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Paeksang Pavilion, North Korea (Source: Wikimedia Commons)

If you’re in North Korea, during your guided tours you will come across some of these sights:

  • Paektu Mountain
  • Mount Kumgang
  • Juche Tower
  • Mount Myohang
  • Kumsusan Palace of the Sun

These guided tours, though strict, can sometimes be tweaked to the visitor’s interests. If a person is interested in hiking, fishing and other such activities, arrangements can be made for them. Despite this, the movement still remains largely restricted. Essentially, a tourist will only see the parts of North Korea that the authorities deem fit.

You can read the account of one such tourist here.

Is Tourism In North Korea Unethical or Revolutionary?

Why it is Unethical

A large debate surrounds the ethics of travelling to North Korea. On one hand, the answer seems clear. Every tourist that visits this controversial nation is directly funding the government. This is the same government that encourages nuclear tests, carries out gross human rights violations and disregards the rights of their citizens. Any money you spend in Korea furthers the dictatorial regime.

Citizens themselves have spent years trying to escape the country. They have shared harrowing stories of living in a country that silences their own people. The class divide is cruel and unjust. The irony is clear when a tourist willingly enters a country that so many people are waiting to leave.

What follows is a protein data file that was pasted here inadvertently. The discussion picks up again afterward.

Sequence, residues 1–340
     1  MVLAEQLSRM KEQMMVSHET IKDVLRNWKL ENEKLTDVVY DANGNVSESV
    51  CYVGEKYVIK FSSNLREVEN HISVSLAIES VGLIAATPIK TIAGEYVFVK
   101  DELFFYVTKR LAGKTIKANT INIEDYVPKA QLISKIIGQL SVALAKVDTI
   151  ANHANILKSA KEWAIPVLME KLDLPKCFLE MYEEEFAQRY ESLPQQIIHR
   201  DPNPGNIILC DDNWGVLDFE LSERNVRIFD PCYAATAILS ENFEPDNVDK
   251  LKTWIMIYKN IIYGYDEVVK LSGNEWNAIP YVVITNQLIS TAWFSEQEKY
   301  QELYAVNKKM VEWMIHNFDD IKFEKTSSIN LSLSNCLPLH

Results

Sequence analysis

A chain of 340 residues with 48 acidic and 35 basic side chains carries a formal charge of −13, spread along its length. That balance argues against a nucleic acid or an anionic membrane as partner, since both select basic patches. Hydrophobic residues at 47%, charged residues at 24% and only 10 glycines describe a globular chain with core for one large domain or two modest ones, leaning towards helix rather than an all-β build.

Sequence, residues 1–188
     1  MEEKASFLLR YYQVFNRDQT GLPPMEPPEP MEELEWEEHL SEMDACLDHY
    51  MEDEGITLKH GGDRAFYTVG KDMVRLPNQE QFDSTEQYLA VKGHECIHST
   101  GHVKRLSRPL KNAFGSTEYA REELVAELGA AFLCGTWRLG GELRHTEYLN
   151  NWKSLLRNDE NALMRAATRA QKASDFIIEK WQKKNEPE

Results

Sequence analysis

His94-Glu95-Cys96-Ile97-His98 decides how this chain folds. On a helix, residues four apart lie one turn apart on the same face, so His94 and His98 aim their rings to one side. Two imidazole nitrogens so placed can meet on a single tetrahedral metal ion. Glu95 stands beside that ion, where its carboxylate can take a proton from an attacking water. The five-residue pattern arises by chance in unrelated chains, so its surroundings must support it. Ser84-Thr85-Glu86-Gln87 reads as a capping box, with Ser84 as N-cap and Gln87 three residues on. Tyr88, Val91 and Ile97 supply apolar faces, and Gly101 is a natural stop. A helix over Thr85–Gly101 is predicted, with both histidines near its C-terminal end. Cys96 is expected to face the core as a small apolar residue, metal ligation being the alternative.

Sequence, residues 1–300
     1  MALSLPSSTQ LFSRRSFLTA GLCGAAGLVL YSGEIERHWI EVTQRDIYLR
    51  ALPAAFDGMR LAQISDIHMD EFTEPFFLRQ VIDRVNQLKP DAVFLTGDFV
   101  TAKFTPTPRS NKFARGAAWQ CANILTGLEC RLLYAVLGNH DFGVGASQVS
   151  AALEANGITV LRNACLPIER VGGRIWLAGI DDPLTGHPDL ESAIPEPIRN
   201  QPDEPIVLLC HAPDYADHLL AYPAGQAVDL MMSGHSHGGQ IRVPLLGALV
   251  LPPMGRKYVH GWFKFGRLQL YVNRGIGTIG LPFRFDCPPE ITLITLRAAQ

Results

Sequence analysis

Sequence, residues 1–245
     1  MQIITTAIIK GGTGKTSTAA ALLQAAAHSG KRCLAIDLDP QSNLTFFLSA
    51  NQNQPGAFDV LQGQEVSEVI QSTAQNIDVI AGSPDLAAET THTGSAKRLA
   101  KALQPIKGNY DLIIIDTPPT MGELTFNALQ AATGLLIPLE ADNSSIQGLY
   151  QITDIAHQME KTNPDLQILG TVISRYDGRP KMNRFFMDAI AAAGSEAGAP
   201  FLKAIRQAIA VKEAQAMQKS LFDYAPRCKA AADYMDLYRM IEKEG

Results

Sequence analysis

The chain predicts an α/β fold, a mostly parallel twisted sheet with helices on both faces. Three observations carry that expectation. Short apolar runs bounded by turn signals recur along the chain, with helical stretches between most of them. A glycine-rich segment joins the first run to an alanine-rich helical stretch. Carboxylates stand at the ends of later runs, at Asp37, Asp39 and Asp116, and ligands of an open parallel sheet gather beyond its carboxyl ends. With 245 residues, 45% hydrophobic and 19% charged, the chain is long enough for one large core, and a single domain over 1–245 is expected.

tourism in north korea
Quanhe Wonjong Border Bridge, North Korea (Source: Flickr)
Why it could be Revolutionary

There’s a flip side to this. Many people believe that tourists going to visit North Korea can positively impact the citizens. Given that a large majority of the population is consistently fed huge amounts of propaganda, their world view remains tragically limited. When they see tourists around them and get a glimpse of the life that exists in the world outside, it can positively impact them.

They might be moved to question their lives and their government and even start large scale revolutions. Ultimately the citizens need to wake up to the atrocities of the country they live in. Tourists can help them achieve this to a certain degree.

The Bad Outweighs The Good

While there are significant positive impacts of tourists going to North Korea, the unethical aspects seem to outweigh them. Yes, tourists could open the eyes of the citizens. However, since most of the tours are guided, in restricted areas, are tourists even interacting with locals?

The more the tourism industry grows, the more money the government gets. This will only lead to the dictatorial regime growing stronger and oppressing the people even further. As Kim Jong-un works towards expanding infrastructure to lure tourists, the workload might inevitably fall on the citizens. Tourism in North Korea is problematic and it will continue to remain so.